International Conference on Gas Hydrates (ICGH) (6th : 2008)

SEISMIC DETECTION AND QUANTIFICATION OF GAS HYDRATES IN ALAMINOS CANYON, GULF OF MEXICO Dai, Jianchun; Banik, Niranjan; Shelander, Dianna; Bunge, George; Dutta, Nader Jul 31, 2008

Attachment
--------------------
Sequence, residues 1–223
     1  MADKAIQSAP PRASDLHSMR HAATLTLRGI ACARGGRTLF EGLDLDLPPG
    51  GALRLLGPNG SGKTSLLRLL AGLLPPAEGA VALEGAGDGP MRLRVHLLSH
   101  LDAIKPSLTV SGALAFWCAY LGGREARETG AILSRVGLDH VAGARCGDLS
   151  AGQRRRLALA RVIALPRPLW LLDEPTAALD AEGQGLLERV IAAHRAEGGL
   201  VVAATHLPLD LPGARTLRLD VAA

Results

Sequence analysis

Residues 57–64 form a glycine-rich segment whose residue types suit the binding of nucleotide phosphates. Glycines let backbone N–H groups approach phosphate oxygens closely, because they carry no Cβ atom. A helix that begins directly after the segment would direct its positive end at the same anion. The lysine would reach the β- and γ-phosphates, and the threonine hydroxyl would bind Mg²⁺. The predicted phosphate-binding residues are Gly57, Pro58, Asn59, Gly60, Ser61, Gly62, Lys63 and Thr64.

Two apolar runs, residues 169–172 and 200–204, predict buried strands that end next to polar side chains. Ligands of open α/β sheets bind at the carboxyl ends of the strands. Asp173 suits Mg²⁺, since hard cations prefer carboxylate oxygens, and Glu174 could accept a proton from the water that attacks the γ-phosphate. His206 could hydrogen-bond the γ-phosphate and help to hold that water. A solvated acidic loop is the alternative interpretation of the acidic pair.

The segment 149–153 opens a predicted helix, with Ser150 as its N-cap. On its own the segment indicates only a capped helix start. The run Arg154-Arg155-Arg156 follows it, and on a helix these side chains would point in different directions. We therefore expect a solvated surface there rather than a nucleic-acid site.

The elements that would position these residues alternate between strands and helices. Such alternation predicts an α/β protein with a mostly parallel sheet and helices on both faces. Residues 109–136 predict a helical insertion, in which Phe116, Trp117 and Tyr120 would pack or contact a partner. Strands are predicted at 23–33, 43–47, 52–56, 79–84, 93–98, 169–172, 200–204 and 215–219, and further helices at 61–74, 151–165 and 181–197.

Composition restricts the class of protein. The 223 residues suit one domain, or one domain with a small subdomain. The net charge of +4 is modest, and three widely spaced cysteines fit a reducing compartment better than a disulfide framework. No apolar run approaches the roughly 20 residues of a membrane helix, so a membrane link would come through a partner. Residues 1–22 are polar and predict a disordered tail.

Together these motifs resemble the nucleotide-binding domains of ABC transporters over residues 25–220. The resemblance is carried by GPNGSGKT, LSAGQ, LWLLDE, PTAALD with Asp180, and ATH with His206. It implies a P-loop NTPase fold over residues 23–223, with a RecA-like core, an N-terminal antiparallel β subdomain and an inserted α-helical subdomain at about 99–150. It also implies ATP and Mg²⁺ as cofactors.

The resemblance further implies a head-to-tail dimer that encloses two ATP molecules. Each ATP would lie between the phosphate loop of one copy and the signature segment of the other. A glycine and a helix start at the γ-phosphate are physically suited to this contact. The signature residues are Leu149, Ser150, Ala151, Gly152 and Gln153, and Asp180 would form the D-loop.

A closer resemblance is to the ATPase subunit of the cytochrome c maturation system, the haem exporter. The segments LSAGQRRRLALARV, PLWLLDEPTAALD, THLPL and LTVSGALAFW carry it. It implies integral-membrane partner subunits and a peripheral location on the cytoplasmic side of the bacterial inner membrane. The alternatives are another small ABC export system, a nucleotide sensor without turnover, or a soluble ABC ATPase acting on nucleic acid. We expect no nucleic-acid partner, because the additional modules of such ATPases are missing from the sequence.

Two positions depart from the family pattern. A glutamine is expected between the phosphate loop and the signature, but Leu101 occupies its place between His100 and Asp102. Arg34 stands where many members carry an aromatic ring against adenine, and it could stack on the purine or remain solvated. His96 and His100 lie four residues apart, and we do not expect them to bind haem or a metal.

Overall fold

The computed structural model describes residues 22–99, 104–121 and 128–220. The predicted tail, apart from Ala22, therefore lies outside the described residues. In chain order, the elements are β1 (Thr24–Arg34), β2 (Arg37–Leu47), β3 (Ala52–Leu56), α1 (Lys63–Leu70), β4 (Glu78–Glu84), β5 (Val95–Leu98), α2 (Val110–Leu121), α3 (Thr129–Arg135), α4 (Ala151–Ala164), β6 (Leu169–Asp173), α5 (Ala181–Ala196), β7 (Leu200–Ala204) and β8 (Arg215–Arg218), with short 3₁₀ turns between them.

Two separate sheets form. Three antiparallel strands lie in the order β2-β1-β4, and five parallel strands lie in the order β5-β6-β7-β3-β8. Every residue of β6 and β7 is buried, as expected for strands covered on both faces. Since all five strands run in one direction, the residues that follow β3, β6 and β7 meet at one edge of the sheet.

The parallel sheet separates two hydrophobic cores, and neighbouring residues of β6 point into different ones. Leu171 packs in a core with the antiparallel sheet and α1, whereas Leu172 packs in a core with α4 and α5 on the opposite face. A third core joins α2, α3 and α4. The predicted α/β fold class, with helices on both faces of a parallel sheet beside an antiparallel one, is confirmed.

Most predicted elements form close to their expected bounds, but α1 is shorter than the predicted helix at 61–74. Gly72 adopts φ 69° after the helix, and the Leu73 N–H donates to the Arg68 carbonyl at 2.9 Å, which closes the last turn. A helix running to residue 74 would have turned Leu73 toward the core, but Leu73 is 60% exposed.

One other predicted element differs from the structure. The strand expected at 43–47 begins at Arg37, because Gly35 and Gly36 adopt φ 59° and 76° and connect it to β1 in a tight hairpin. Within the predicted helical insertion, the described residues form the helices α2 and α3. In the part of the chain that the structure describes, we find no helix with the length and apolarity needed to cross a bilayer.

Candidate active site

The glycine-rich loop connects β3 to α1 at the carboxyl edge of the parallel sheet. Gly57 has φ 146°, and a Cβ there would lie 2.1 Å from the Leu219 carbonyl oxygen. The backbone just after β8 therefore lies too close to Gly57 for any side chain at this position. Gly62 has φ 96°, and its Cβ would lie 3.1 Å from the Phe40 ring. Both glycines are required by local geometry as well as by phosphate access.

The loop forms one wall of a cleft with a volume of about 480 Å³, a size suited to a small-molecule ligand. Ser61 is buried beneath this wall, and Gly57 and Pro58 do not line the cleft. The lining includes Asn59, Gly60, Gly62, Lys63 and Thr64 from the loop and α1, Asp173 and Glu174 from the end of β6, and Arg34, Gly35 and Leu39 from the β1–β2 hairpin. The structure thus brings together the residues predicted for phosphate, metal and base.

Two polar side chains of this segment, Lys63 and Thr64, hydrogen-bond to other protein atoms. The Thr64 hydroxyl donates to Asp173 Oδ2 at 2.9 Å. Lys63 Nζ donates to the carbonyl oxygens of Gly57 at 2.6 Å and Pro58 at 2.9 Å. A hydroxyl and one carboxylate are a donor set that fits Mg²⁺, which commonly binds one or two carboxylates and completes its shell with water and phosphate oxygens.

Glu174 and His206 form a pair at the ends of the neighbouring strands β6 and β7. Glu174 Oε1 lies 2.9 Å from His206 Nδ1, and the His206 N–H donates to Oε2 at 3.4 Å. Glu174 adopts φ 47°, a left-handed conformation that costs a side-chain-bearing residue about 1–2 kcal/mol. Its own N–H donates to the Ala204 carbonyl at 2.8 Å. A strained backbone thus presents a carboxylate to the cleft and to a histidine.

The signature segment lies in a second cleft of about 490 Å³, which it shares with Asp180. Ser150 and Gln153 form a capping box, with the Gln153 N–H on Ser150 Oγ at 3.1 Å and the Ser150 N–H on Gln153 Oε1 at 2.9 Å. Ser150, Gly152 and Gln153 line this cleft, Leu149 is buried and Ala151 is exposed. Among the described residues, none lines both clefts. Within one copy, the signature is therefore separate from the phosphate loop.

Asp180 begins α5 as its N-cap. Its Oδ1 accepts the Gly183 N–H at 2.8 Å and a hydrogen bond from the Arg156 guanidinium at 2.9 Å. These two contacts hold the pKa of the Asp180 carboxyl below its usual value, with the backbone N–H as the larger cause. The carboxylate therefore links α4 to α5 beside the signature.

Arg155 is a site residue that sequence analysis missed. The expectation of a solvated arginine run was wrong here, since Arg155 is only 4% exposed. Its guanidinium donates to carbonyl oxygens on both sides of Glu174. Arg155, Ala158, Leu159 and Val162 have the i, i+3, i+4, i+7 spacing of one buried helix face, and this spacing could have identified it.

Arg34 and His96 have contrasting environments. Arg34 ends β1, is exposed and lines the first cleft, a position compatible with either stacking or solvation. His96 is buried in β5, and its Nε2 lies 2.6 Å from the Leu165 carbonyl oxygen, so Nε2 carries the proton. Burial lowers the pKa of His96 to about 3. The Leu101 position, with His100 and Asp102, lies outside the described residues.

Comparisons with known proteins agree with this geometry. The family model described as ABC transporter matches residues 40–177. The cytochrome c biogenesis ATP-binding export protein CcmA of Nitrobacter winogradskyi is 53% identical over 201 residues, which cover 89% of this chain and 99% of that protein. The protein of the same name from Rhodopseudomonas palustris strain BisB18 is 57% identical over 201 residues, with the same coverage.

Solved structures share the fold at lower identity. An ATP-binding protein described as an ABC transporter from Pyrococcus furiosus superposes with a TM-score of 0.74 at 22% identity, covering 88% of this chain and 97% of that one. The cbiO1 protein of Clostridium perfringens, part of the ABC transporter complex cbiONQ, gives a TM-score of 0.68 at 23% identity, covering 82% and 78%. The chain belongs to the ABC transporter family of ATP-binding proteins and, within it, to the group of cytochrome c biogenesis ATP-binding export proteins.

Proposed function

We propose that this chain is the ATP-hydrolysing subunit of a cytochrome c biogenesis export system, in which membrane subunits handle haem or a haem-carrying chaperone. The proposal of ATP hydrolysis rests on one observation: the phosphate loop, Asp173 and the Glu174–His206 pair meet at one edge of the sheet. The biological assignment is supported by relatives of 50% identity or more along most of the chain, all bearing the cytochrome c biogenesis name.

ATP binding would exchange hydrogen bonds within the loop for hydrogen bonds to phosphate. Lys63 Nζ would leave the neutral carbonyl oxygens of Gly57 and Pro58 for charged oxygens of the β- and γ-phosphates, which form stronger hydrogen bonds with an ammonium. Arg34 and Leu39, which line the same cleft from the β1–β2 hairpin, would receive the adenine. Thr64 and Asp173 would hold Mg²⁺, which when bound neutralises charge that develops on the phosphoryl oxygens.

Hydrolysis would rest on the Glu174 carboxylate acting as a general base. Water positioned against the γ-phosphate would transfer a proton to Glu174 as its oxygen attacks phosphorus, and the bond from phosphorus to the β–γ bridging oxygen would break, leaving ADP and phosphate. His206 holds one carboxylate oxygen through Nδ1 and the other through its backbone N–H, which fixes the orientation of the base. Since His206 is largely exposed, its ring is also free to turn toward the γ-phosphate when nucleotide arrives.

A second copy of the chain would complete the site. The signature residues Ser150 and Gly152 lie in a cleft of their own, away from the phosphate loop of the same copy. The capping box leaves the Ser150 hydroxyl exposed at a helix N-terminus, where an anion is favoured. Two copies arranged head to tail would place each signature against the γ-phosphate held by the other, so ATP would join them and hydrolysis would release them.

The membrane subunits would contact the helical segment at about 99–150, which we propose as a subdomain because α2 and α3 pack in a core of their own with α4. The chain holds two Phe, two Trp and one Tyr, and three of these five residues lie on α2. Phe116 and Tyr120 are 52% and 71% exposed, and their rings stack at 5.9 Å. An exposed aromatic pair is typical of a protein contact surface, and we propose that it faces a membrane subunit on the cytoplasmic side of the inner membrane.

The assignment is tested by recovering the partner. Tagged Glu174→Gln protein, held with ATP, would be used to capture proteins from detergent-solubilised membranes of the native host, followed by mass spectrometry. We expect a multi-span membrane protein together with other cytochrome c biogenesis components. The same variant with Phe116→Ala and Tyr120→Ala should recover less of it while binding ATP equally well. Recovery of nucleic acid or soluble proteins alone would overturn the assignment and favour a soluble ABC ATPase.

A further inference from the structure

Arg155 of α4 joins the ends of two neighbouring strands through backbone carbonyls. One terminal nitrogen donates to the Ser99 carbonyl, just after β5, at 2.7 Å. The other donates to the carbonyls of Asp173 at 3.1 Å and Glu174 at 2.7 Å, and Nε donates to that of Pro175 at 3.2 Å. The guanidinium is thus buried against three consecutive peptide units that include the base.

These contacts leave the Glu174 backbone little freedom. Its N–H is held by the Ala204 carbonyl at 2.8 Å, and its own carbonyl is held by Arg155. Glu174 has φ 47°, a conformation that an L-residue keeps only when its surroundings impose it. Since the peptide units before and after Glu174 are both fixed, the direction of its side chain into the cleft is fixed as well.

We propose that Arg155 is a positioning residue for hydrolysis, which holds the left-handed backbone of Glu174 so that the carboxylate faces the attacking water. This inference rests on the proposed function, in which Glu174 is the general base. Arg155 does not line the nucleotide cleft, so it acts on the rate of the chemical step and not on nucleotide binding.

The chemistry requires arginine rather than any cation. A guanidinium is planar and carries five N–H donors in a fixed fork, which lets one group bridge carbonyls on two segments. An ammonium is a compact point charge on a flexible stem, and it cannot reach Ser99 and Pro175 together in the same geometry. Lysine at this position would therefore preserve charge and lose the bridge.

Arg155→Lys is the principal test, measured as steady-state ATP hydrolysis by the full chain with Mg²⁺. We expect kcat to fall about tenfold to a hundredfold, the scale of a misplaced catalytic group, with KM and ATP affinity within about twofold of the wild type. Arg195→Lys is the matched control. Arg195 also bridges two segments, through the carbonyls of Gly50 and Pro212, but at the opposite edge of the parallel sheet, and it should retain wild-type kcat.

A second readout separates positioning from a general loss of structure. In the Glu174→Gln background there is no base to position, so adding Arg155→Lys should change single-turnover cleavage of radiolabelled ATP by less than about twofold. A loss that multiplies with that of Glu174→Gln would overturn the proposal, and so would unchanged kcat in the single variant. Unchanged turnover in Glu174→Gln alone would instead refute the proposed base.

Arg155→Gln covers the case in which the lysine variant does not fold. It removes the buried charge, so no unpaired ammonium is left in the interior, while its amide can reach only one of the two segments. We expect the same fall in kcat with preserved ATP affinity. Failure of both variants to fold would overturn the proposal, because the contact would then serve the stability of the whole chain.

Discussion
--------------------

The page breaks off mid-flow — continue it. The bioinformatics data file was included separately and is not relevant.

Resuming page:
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Proceedings of the 6th International Conference on Gas Hydrates (ICGH 2008), Vancouver, British Columbia, CANADA, July 6-10, 2008.  SEISMIC DETECTION AND QUANTIFICATION OF GAS HYDRATES IN ALAMINOS CANYON, GULF OF MEXICO Jianchun Dai(1)*, Niranjan Banik(1), Dianna Shelander(1), George Bunge(1), and Nader Dutta(2) (1) Reservoir Seismic Services, Data Consulting Services/Schlumberger 10001 Richmond Avenue, Houston, TX 77042, UNITED STATES (2)  Data and Consulting Services/Schlumberger 5599 San Felipe, Houston, TX 77056, UNITED STATES ABSTRACT In this paper, we present the results of our recent study of quantitative estimation of gas hydrates in Alaminos Canyon block 818, Gulf of Mexico. The study was conducted as a part of the JIP Gulf of Mexico gas hydrates project. Sizable high concentration gas hydrates zones were detected as a result of the study, with hydrates saturation as high as 80% of the pore space. Comparison of the seismic prediction with estimation from one available shallow well shows high level of consistency, adding further to the reliability of the seismic prediction. Based on our findings, multiple wells are planned for drilling through the high concentration anomaly zones by JIP in the summer of 2008. The confirmation of our prediction through drilling will lead to the discovery of the first major gas hydrate accumulation in the Gulf of Mexico. Keywords: gas hydrates, Gulf of Mexico  1 INTRODUCTION In the past decade, naturally occurring gas hydrates have drawn significant attention from the scientific community and industry worldwide due to their potential as an alternative energy resource, as possible sources of shallow hazards for drilling and production of oil and gas, and as agent of long-term, global climate change. Gas hydrates have been known to exist extensively in shallow sediments from the Arctic permafrost regions to the deepwater oceans of the Equator. The vast amount of naturally occurring hydrates is a large potential for an energy resource. While the world demand for fossil fuel is ever-increasing and the supply is dwindling, it is essential to have a methodology for reliable assessment of gas hydrates accumulation in worldwide deepwater *  basins. As a principle and matured technology for hydrocarbon exploration, the 3D reflection seismic method becomes a natural choice for detecting and characterizing gas hydrates. Previously, we (Dai, et al., 2004) have developed an integrated five-step workflow for seismic characterization of gas hydrates. Rock properties at shallow depth, within the gas hydrates stability zone, vary largely due to heterogeneity and strong influence of compaction. Because of the lack of good-quality well data in this zone, our seismic predictions use analogue models based on geologic interpretation, seismic inversion, and the basic principles of rock physics. We also calibrate our models with real data whenever available. This workflow integrates geological interpretation, seismic processing and inversion, and rock physics modeling to ascertain the existence and quantify the naturally occurring hydrates. The process has  Corresponding author: Phone: 0017136896173 Fax 0017136896409 E-mail: jdai@slb.com  been validated and improved through applications in GoM and elsewhere (Dai, et al., 2007 a and b). Recently, we have carried out a detailed gas hydrates characterization study in Alaminos Canyon OCS blocks 818 and 857, using our fivestep work flow. A special data processing scheme was applied for the purpose. The workflow has been modified to incorporate a fast, yet robust simultaneous prestack inversion scheme for inversion of elastic impedances and density. The final estimation of gas hydrates saturation was done using both a direct deterministic regressionbased transform method and also from a Bayesian statistical inversion. Based on these inversion results, and integrating with the concept of gashydrate-system (source, charging, reserving, sealing, and preserving), a series of prospects are generated within the study area. We present these results in the paper. 2 GEOLOGICAL SETTING AC818 is located in the southwest part of the Northern Gulf of Mexico (Fig. 1). Water depth varies from about 2500 to over 2800 meter from northwest to southeast (Fig. 2, left panel) of the study area. In this area, ridges, channel, and a crater-like feature are evident at the seafloor (Fig. 2, right panel). The shallow sediments from the seafloor to about 1.0 second below the seafloor were the focus of the study and they are mostly young sediments from Pliocene to Pleistocene in geological time. These young sediments are predominantly sourced by the Mississippi River and the Red River from northeast (Galloway et al., 2000) throughout these periods.  Figure 2. Water depth (left) and seafloor dip (right) Local stratigraphic framework is shown in figure 3, where the shallow sediments are characterized by the stacking of deepwater fan systems that truncate each other. The red line at the bottom is the anticipated “BSR”. And the light-green unconformity just above the BSR is thought to be the top of Oligocene. Structure and faulting are more prevalent below the Oligocene unconformity, providing pass and driving-force for deeper thermogenic gases.  Figure 3. An interpreted inline section of AC818 which ties to the key well AC818#1. The red horizon represents the Base of the Hydrate Stability Zone. 3 SEISMIC DATA REPROCESSING  Figure 1. The location of the study area is indicated by the red box.  The existing seismic data covering the study area was processed with the main objective of imaging the deep, sub-salt, Perdido Fold Belt structures at depths of 5000-8000 meters. For this reason, the previous flow was not optimized for the shallow sediments. It was necessary to reprocess the seismic data for reliable inversion and gas hydrate delineation.  To enhance shallow resolution and amplitude fidelity, a shallow gas-hydrate optimized, highresolution seismic data processing, including iterative high-definition velocity model building, curved-ray Kirchhoff migration, and followed by an advanced gather flattening technique was applied to the data set. The reprocessing flow includes: reformat, trace edits, despike, binning, sea level datum static, spreading correction, diversity weighting, channel scalars, linear tau-p filter, designature filter, demultiple, shot scalars, residual de-bubble / de-ghost, 2D SRME, Radon filter, de-absorption. Figure 5. Comparison between PSDM stack (left) and the newly-processed PSTM stack (right). The spatial continuity and high resolutions are clearly seen in the newly-processed data.  4 SEISMIC INVERSIONS  Figure 4. Left 3 panels are from raw PSTM gathers. Right 3 panels show the result after NRM. Despite high definition velocity analysis, the initial PSTM gather output is not very flat. Sinusoidal distortions are clearly observed in the sea floor reflection and the significant events below (Fig. 4, left 4 panels). Non-rigid matching (NRMTM), a newly developed proprietary method was applied for flattening these events in the final image gathers. The effects of NRM processing are shown by the rightmost 3 panels of Figure 4, in which all the major events align perfectly flat. The NRM procedure helps not only the image but also the AVO inversion. As a result, a high resolution, clear, sharp image is derived from the seismic data re-processing. A comparison between the previous PSDM section with the hydrate-optimized flow result is given in Figure 4. Higher resolution and more lateral continuity are manifest in the newly-processed result (right panel of Fig. 5).  The inversion work was done by first performing Prestack Full Waveform Inversion (PSWI) at selected locations to help build the background model (0-8 Hz) and estimate wavelets for different angle stacks, then by implementing ISISTM, a 3D simultaneous inversion (Rasmussen et al., 2004) to generate P-wave impedance (PI), S-wave impedance (SI), and density volumes. PSWI was developed by Mallick (1995, 1999). It is a statistical optimization technique that operates much like biological evolution and derives P- and S-wave velocities and density profiles from a given CMP seismic gather. An example of PSWI run at a key well location was shown in Fig. 6. The left three curves on the left are inverted Vp, Poisson’s ratio (PR), and density respectively. The curves in green are the values of elastic properties and the yellow bands show the range of possible errors corresponding to the individual properties. The middle and right panels display the observed seismic angle gather and the synthetic angle gather after convergence during the iteration process. Note that the correlation coefficient between the two gathers is over 0.90, signifying a good match. The local highs and lows in the derived Vp reflect possible lithology or fluid variations although there are uncertainties associated with noise accumulated during the inversion process due to  the lack of full bandwidth frequencies in the input gather and the noise in the gather that corrupts the inversion results. The extreme high Vp event indicated by the red arrow reveals a very likely, high-concentration gas hydrate anomaly. This high Vp anomaly was later confirmed by the acoustic logging result at the actual well location.  Figure 7 shows the PI and SI inversion results along the inline that passes the key well (pseudowell) location. The vertical lines indicate the well position. Both PI and SI show a general increasing trend with time. They also reveal detailed variations both vertically and laterally, indicating possible subtle changes in litho-facies.  Figure 6. PSWI result at the key well location. Left 3 curves are Vp, PR, and density respectively. The middle sections are the real and synthetic data.  Figure 7. Simultaneous inversion: PI (upper panel), SI (lower panel)  Multiple PSWI runs were performed in AC818. The low frequency model was constructed based on the pseudo-logs of PSWI inversion and constrained with seismic horizons. PSWI inversion results were also used to generate the wavelets for different angle stacks. We applied ISIS to invert for the elastic impedances and density volumes. ISISTM based inversion (Rasmussen et al., 2004) is an industry-leading seismic inversion method for simultaneous inversion of elastic parameters from prestack seismic data. Preconditioned seismic data are input as multiple angle stacks. Prior models for PI, SI (or PR), and density are the initial low frequency models of the elastic parameters that form a basis for the objective and the cost functions of the inversion. A simulated annealing method is used to generate and update model parameters. The forward modeling is done by convolving reflection coefficient series (linearized Zoeppritz equation-based) with wavelets. The wavelets may vary spatially and temporally for each angle stack in order to generate optimal results.  Anomalous high impedances were obtained at both sections at the level as indicated from PSWI result in Fig. 6, and in the vicinity of the key well (pseudo-well) location. Consistency between PSWI and ISIS inversions and with the actual acoustic measurement at the well location underscores the reliability and accuracy of the inversion result, which provides a solid basis for hydrate estimation in the following section. 5 GAS HYDRATE ESTIMATION Having generated 3D elastic property volumes, hydrate estimation/quantification was done by mapping the elastic property to hydrate saturation through gas hydrate rock physics modeling and inversion. Readers are referred to Dai et al. (2004), Xu et al. (2004), and Dai et al. (2007a) for a detailed discussion of the technique. Hydrate saturations are mapped both deterministically and statistically, using P-wave and S-wave independently and jointly. Figure 8 shows the saturations estimated from PI and SI of the same inline as shown in Figure 7.  anomalies are at optimum locations for forming gas hydrates, taking advantage of the gas hydrate system with the key elements, such as, availability of gas source, charging or migration pathway, existence of reservoirs, and trapping mechanism. We also studied various attributes to identify and characterize gas hydrates in the area. We find that the maximum hydrates saturation map within the gas hydrates stability zone, created from the hydrates saturation volume, provides a consistent and reliable method for delineating zones of gas hydrates.  Figure 8. Gas hydrate saturations from PI (upper panel), and from SI (lower panel). The red line shows the location of the well. Both sections show high-saturation anomalies (as high as 80% of the pore space) in the vicinity of the existing well location. Also a few anomalies of moderate-saturation are present at similar and/or shallower levels. We note that the saturation from SI is systematically lower than that from PI. The difference is thought to be caused by the errors in either seismic inversion or rock-physics modeling, or in both.  Figure 9 shows an areal view of the anomalous gas hydrates (Sgh) saturation throughout the inversion volume. Saturation values for gas hydrates in the pore space are between 0% and 100% in the volume. The map shows anomalous areas of continuous, high saturations. Anomalies “c” and “f” have continuous high values of Sgh and occur in the porous Oligocene Frio sands. Anomaly “n” may also contain some Frio sands. The other anomalies occur in sediments younger than the Frio, most likely Pleistocene (or Pliocene) in age. As mentioned in the previous section, the seismicbased estimate of Sgh is quite consistent with logbased estimate at the key well location near f. However, we find even higher saturation northeast of the key well location.  6 SYNTHSIS OF INVERSION RESULT The method of seismic-based gas hydrate saturation estimation described above involves multiple-steps, from initial data processing, inversion, rock-physics modeling, to quantification. Uncertainty that involves with each of these steps will propagate to cause the ensemble error/uncertainty in the final saturation prediction. One way to effectively utilize the results and reduce the uncertainty is to check for consistency among information from different sources, and apply the concept of gas hydrate systems to further validate, like an oil explorationist utilizing the concept of petroleum systems in search for hydrocarbons. Our criterion is to look for zones that reveal distinct and consistent physical evidence, indicating potential large-scale and highconcentration gas hydrate anomalies. Also, these  Figure 9. Map of maximum saturation gas hydrates anomalies in AC818. Saturation for gas hydrates in the pore space values are between 0% and 100%.  7 CONCLUSIONS Comprehensive seismic characterization of gas hydrates was done in AC818 using our five-step workflow, which includes high resolution seismic re-processing, PSWI at selected locations and 3D simultaneous inversion, rock physics modeling and hydrate quantification. The study identified a large area, about 1 km2 in the middle east of the AC818, containing high concentration gas hydrates bearing sediments. The average Sgh concentration in this area is about 60%, with some as high as over 80%. Based on this study, the JIP has selected multiple drill locations for Leg II drilling in the summer of 2008. The drilling will provide key information to calibrate our models and prediction. Should the drilling confirm the predicted anomalies; it may become the first sizable natural gas hydrate discovery in the GoM.  ACKNOWLEDGEMENT This paper was prepared with the support of the U.S. Department of Energy, under Award No. DEFC26-01NT41330. However, any opinions, findings conclusions, or recommendations expressed herein are those of the authors and do not necessarily reflect the views of the DOE.  REFERENCES [1] Dai, J., Xu, H., Snyder, F., and Dutta, N., 2004. Detection and estimation of gas hydrates using rock physics and seismic inversion: Examples from the northern deepwater Gulf of Mexico, The Leading Edge, 23, p.60-66. [2] Dai, J., Banik, N., Gillespie, D., and Dutta, N., 2007a. Exploration for Gas Hydrates in the Deepwater, Northern Gulf of Mexico: Part II. Model validation by drilling. Marine Petroleum Geology, in press. [3] Dai, J., Banik, N., Gillespie, D., and Dutta, N., 2007b. Exploration for Gas Hydrates in the Deepwater, Northern Gulf of Mexico: Part II. Model validation by drilling. Marine Petroleum Geology, in press.  [4] Galloway, W.E., Ganey-Curry, P.E., Li X., and Buffler, R.T., 2000. Cenozoic depositional history of the Gulf of Mexico basin. AAPG Bulletin, V. 84, No. 11, p1743-1774. [5] Rasmussen, K.B., Bruun, A., and Pedersen, J.M., 2004. Simultaneous Seismic Inversion, 66th Mtg.: Eur. Assn. Geosci. Eng., P165. [6] Mallick, S., 1995. Model-based inversion of amplitude-variations-with-offset data using a genetic algorithm: Geophysics, 60, p.939-954. [7] Mallick, S., 1999. Some practical aspects of prestack waveform inversion using a genetic algorithm: An example from East Texas Woodbine gas sand: Geophysics, 64, p.326-336 [8]Xu, H., et al., Seismic detection and quantification of gas hydrates using rock physics and inversion. Advances in the Study of Gas Hydrates, ed. C.E. Taylor and J.T. Kwan. 2004, New York: Kluwer 117-139.